This industrial decline has been on going for the last 40 years, since the days when Thatcher decided that the Industrialists of the UK should become Finalcialists (I know its not a proper word!) But my point is that 2nd & 3rd generation business owners were convinced that it was easier to close a plant, offshore the production and take their wealth to the city. As a result much of the technical innovation and invention that Scots companies achieved was bought up, shut down and licensed off. All that wealth of knowledge lost.
We still manufacture, we still produce unfortunately much of that is controlled by global companies.. Whisky is controlled by Diageo, a lot of the oil & gas engineering by big US corporations such as Halliburton, GE etc.. The sad thing I see is that these companies use big global freight forwarders and in my industry the small guys are squeezed out. That is an argument for another day. What I’m trying to say is that in Scotland we need to end the rot now while we still have a base we can capitalise on.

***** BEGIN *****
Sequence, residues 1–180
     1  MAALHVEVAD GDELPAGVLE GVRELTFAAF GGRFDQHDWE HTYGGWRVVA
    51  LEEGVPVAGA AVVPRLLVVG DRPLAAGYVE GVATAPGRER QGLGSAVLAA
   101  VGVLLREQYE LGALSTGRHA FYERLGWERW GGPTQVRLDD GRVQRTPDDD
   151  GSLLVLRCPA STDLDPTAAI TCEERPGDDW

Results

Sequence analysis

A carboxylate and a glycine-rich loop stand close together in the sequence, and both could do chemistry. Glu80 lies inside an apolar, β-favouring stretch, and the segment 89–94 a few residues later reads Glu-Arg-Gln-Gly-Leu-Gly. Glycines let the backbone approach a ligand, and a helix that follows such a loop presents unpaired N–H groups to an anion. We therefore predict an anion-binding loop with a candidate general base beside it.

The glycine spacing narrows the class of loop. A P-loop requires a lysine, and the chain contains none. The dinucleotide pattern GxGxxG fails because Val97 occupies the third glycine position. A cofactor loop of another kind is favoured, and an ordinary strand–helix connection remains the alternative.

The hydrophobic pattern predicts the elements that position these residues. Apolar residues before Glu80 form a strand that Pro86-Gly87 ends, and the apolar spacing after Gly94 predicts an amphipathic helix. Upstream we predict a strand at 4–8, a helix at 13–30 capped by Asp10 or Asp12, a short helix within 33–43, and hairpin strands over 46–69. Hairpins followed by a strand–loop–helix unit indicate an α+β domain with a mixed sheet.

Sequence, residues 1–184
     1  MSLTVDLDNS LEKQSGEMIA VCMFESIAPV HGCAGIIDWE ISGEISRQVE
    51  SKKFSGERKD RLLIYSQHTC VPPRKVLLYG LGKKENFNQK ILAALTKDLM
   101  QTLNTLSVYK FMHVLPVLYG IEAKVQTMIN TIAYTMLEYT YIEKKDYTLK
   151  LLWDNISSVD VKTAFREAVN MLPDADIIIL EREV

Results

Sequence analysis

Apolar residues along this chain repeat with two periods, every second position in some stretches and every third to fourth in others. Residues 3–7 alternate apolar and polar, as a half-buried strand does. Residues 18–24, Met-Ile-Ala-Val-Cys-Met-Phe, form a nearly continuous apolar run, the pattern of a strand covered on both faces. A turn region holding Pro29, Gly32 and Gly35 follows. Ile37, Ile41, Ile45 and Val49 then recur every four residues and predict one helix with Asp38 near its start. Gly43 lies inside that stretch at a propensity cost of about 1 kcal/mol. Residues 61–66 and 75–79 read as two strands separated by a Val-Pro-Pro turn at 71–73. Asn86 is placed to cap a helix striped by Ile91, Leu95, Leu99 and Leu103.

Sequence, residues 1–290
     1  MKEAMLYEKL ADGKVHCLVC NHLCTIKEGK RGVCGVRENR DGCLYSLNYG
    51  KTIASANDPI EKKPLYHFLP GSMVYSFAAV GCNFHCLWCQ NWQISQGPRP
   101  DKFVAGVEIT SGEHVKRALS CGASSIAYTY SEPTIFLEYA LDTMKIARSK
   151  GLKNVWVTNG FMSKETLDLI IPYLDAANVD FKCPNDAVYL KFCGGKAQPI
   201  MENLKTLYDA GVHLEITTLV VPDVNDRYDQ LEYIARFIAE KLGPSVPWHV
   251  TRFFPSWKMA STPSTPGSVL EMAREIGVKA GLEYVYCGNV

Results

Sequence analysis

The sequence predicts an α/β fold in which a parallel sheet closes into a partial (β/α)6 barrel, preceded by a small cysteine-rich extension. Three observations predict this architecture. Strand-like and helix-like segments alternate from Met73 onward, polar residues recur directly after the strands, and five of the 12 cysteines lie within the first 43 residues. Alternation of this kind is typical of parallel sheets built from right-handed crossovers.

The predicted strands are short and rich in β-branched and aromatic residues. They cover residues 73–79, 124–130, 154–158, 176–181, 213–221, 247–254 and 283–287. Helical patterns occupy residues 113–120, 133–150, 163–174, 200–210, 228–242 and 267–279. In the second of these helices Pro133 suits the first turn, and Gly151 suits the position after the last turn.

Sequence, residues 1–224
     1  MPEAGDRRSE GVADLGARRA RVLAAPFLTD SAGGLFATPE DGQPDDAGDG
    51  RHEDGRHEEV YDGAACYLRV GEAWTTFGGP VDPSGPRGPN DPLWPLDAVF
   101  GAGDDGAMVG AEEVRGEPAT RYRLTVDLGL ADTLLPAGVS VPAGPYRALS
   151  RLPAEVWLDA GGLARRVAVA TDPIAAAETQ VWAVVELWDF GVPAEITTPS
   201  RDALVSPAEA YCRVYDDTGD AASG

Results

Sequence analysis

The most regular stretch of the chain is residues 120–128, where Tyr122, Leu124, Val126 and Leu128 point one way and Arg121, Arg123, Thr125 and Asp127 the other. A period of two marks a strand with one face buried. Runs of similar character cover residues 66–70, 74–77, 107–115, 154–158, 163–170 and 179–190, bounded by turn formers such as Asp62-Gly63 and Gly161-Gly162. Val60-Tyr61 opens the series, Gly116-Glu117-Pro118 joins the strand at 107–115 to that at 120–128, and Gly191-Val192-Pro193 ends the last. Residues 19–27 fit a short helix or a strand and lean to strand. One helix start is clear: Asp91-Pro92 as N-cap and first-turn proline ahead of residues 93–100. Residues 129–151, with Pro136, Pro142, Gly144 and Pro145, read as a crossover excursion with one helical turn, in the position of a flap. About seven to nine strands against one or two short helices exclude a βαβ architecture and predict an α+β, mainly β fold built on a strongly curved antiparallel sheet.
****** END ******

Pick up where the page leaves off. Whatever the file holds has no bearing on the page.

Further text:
As the UK is looking at a hard Brexit which means that we will be outside the customs union. Yes, my right eye is twitching like Chief Inspector Dreyfus at the mere mention of Clouseau. We are heading back to a system where every single shipment to the EU will need to be cleared for export. It may be fully computerised now but we are still looking to add £30 – £50 per shipment in administration costs. The UK Government have closed most of its customs offices and trying to get anything resolved is like phoning a BT call centre in Mumbai. You speak to someone at a central hub who will tell you that the computer says No and the shipment needs to be delayed. When you add a layer of bureaucratic control they only guarantee is delay and cost making our products less competitive. As an example small online retailers selling goods under £200 to the EU will now have lost their market.